Werewolves… Werecoyotes…. Werecats…  A long ago different shape-shifters lived in various packs. That all changed when an unknown force started to wipe them all out. Only the keeper of balance can save them.

This pretty much sounds like the summary of Avatar: The Last Airbender. I have a lot to say about this Matthew Basile’s  Wolf’s Howl, especially considering I used a T.V show’s theme song to describe it.

Wolf's Howl screenshot 1

Decent Chosen One, Same Old Plot

The story behind Wolf’s Howl is about a human woman named Vicky Durant, who apparently has the ability to save the world.  The main problem? A group of shapeshifters is trying to find her. She also is unaware of her role as the “keeper of balance”, so the shapeshifters must travel into society to find the woman that can save their world.

The comic is decent enough and the art places its emphasis on the characters rather than the background. Each panel is stunning to look at with its detailed drawings of different characters. The action scenes are intricate and detailed, with slow-motion effects that emphasize the quick movements that the shapeshifters can make. Plus, the characters are merciless when it comes to fighting.

 My main problem here, however, is with the transition between one panel to the next. I find them very awkward to look at and I wish that the Sergio Drumond took a little more time to think about how each transition could have been crafted.

Wolf's Howl screenshot 2

Where’s The Logic?

The logic in this story is also quite confusing, to say the least. I usually don’t have a problem with how a story is constructed, but this is one story I need to question everything about.

For example: how have shape-shifters been able to hide in abandoned subways? How can there be different types of shapeshifters if some of them are siblings? How is someone declared an Alpha when they barely have a pack of their own? How can people shift in public without getting into trouble?

Again, so many questions that I don’t have the answers to. I understand that fantasy stories use a lot of “magic”. But magic has some logic to it as well. I understand this is an introduction into the world of Wolf’s Howl and its shape-shifters, but answers need to be given from the start itself.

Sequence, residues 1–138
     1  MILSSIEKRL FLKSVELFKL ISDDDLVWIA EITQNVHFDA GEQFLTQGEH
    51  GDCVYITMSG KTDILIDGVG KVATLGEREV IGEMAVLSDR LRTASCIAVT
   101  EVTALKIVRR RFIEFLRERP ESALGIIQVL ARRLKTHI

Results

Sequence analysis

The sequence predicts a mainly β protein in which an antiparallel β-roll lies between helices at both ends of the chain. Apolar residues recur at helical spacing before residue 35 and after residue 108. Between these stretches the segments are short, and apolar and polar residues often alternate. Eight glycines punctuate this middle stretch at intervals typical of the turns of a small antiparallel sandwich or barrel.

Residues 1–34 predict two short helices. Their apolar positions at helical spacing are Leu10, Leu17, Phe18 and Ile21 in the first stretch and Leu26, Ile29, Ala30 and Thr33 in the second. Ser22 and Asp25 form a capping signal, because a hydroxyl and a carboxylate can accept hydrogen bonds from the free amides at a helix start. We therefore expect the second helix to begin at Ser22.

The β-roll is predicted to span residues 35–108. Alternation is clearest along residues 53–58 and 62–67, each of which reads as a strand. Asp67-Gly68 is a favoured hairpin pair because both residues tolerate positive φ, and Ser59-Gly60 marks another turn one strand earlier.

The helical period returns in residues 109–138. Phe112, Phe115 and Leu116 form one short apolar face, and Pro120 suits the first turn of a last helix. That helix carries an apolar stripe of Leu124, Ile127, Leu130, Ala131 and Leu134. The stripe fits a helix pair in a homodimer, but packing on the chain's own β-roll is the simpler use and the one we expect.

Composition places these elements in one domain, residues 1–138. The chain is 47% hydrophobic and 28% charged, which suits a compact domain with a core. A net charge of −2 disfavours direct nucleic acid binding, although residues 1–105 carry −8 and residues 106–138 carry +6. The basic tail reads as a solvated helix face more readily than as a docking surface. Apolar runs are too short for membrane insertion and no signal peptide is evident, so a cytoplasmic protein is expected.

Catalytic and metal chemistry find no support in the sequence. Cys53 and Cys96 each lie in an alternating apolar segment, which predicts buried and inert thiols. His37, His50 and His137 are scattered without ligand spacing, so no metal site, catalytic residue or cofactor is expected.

I believe Wolf’s Howl has a lot of potential, but the plot should have moved at a faster pace instead of building a giant load of expectations. Without spoiling the comic, I wish Matthew Basile would allow us to learn more about the universe over time. It contradicts my last paragraph, but the information that was provided within the first half wasn’t what I needed. All this issue focused on was finding Vicky.

Too Nice, Too Soon

What can I say about the characters? They’re too nice for their own good. This is a nice turn to other shape-shifter stories, as those in Wolf’s Howl don’t rely on their instincts when approaching other packs. Unfortunately, the shapeshifters retain a pack mentality and even hold an “alpha-beta” complex when it comes to interactions.

This lays a good structure for a team, but I wonder how far it can be abused in the rest of the story. Hopefully, instinct and discipline don’t overwhelm one another, especially when the shifters interact with humans.

In the end, Wolf’s Howl is not bad at all. There are new spins to cliched ideas and there is a stark contrast to the human and animal sides among shapeshifters.  The pack relations are nice to look at, but I would try to make the characters more human over time. I just hope these problems are addressed in the next issues.


I should also mention that the authors recently launched a Kickstarter campaign, presumably to raise more funds for their upcoming work. If you want to check out the comic for yourself,  you can click here to visit Wolf’s Howl’s official crowdfunding page.